``````

### Output

``````1020005640
1020061620
1020068010
...
9876062430
9876069630
9876545640
``````

To get numbers where each digit occurs only once i.e., to find the permutations of the digits that satisfy the divisibility condition:

``````def divisibility_predicate(number):
digits = str(number)
for n in range(1, len(digits) + 1):
if int(digits[:n]) % n != 0:
return n - 1
return n

def generate_digits_permutation(n=1, number=0, digits=frozenset(range(1, 10))):
# precondition: number has n-1 digits
assert len(set(str(number))) == (n - 1) or (number == 0 and n == 1)
# and the divisibility condition holds for n-1
assert divisibility_predicate(number) == (n - 1) or (number == 0 and n == 1)

number *= 10
if n == 10:
assert not digits and divisibility_predicate(number) == 10
yield number  # divisible by 10
else:
for digit in digits:
candidate = number + digit
if candidate % n == 0:  # divisible by n
yield from generate_digits_permutation(n + 1, candidate, digits - {digit})

from string import digits
print([n for n in generate_ints_nth_digit_divisible_by_n()
if set(str(n)) == set(digits)])
print(list(generate_digits_permutation()))
``````

### Output

``````

``````
• Thanks a lot, this is pretty good, the only requirement is each digit (from 0-9) is used exactly once (i should have made it clearer in my original post. That's the reason i use the global ARR in my code). I'll try to tweak the above code to adapt for that requirement – labheshr Jul 20 '15 at 12:03
• @JTurk: It is a considerable change in the requirements. Don't put such info in the comments, edit or update your question instead. It is easy to filter final result: `set(str(n)) == set('1234567890')` or exclude digits that are already in `number`. I've updated the answer with the corresponding code examples. – jfs Jul 20 '15 at 12:37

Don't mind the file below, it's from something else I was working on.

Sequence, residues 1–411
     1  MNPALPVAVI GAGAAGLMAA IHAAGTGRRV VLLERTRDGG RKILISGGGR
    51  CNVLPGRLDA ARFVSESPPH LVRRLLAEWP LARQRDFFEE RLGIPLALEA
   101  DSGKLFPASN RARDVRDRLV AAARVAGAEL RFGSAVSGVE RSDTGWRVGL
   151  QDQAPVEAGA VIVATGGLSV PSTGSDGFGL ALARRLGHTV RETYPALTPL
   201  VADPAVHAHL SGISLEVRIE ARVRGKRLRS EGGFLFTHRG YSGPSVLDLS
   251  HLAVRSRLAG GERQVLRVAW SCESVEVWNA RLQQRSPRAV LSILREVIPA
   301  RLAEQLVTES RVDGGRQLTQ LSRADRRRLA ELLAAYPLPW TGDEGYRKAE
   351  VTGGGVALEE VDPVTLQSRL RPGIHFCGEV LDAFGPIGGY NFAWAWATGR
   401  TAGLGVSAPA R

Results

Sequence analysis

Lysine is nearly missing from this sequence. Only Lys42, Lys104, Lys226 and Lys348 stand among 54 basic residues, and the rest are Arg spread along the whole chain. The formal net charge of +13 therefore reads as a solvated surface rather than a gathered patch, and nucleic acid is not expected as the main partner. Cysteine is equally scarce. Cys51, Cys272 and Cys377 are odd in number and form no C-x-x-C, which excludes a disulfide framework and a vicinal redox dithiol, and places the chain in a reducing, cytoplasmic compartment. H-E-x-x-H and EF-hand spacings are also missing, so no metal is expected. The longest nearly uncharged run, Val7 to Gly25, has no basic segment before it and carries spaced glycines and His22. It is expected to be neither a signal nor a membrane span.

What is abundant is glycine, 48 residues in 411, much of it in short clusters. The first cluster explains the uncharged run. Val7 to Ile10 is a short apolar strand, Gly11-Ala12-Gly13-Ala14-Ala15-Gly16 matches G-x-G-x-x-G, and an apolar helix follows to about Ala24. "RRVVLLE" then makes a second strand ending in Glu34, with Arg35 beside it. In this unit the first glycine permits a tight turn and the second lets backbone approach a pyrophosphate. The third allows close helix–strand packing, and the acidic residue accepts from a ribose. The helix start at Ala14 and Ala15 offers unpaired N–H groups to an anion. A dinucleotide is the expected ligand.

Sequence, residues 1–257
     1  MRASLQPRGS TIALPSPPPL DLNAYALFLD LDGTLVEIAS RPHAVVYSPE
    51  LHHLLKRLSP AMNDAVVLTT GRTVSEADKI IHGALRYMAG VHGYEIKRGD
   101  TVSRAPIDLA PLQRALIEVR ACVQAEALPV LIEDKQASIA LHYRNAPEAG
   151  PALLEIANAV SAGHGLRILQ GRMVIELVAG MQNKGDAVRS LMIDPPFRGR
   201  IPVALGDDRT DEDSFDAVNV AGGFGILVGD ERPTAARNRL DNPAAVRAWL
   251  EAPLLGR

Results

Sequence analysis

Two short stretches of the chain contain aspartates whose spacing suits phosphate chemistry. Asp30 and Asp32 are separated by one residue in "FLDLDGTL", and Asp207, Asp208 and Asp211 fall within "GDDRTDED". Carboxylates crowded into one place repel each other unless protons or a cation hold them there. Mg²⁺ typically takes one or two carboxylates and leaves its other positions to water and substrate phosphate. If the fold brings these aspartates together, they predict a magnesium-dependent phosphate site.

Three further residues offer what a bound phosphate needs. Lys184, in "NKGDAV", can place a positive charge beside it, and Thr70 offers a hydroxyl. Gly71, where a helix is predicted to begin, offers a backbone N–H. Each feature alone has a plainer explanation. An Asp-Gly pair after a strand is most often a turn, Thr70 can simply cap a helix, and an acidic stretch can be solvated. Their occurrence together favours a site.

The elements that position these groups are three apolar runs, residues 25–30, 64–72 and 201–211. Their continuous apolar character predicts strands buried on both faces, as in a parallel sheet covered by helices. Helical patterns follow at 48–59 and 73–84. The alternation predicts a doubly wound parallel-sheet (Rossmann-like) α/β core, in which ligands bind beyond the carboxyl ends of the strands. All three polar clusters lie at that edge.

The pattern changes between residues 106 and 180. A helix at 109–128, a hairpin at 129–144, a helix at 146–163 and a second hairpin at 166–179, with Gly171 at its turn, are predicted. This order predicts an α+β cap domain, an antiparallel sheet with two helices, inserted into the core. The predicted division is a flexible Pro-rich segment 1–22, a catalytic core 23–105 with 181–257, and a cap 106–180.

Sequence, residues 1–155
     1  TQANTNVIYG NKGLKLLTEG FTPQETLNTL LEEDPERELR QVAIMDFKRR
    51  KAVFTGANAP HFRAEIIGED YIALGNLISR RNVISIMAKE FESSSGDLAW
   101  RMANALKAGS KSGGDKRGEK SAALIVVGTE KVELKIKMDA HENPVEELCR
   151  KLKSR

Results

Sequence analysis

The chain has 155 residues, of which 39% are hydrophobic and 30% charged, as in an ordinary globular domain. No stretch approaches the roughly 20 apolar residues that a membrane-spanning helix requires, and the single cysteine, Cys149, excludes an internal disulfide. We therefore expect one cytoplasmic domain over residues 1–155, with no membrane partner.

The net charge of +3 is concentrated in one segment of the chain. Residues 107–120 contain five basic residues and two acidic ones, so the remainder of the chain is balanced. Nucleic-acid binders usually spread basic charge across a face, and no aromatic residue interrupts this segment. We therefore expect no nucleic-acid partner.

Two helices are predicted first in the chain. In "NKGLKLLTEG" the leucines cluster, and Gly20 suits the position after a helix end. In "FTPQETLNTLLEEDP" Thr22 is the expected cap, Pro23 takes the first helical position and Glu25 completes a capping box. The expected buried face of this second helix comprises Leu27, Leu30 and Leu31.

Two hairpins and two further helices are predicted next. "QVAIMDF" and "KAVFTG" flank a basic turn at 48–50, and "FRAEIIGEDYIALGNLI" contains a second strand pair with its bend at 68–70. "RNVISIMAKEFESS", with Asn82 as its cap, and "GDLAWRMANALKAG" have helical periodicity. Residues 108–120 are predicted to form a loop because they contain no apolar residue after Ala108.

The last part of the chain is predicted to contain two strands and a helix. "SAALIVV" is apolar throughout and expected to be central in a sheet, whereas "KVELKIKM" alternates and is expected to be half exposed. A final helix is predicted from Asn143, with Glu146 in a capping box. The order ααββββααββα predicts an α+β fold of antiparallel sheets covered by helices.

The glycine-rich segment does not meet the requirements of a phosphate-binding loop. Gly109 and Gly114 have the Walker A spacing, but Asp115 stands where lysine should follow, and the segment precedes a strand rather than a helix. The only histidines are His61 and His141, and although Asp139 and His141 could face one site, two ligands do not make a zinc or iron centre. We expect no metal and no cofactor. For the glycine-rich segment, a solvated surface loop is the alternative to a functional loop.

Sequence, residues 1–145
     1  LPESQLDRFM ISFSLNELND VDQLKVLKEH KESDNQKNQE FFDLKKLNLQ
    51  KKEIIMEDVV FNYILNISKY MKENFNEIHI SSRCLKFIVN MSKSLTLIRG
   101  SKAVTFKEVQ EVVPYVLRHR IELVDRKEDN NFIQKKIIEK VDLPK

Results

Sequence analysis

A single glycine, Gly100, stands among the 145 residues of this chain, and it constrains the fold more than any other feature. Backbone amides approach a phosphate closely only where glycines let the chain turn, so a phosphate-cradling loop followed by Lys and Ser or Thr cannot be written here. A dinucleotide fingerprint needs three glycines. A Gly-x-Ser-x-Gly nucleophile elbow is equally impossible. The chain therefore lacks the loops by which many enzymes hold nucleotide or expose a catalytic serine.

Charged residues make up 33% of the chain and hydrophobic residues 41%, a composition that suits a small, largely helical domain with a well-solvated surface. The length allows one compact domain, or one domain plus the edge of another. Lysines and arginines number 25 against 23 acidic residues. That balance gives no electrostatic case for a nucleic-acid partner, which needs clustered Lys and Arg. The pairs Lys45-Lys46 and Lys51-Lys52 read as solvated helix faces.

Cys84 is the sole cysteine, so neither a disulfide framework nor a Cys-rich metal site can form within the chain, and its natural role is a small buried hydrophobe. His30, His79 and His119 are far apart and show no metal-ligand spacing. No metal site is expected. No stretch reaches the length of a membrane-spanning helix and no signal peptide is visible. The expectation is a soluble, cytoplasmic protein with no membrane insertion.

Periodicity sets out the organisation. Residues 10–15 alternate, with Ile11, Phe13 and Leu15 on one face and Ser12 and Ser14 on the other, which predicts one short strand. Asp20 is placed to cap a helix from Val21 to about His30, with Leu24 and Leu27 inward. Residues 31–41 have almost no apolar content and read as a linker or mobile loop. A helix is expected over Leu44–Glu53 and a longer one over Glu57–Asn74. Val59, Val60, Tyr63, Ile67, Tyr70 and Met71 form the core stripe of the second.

In your function, you never do `return numSeq(...)`, this seems like causing the issue.

If you want to have a iterative solution, you can check the following:

``````def getN(number):
strNum = str(number)
for i in range(1, len(strNum)+1):
if int(strNum[:i]) % i != 0:
return i-1
return i

print getN(3816)
print getN(3817)
print getN(38165)
``````

Output:

``````4
3
5
``````

We can modify your recursive function a little to try different possibilities. Rather than have a global record (`ARR`) of used positions, each thread of the recursion will have its own `hash` of used digits:

``````def numSeq(pos, num, hash):
if pos != 1 and num % (pos - 1) != 0:   # number does not pass the test
return

elif pos == 11:                         # number passed all the tests
print num

elif pos == 5:
numSeq(pos + 1,10 * num + 5,hash)     # digit is 5 at position 5

elif pos == 10:
numSeq(pos + 1,10 * num,hash)         # digit is 0 at position 10

else:
k = 2 if pos % 2 == 0 else 1          # digit is even at even positions
for i in xrange(k,10,2):
if hash & (1 << i):                 # digit has already been used, skip it
continue
numSeq(pos + 1,10 * num + i,hash | (1 << i))

numSeq(1,0,0) # 3816547290
``````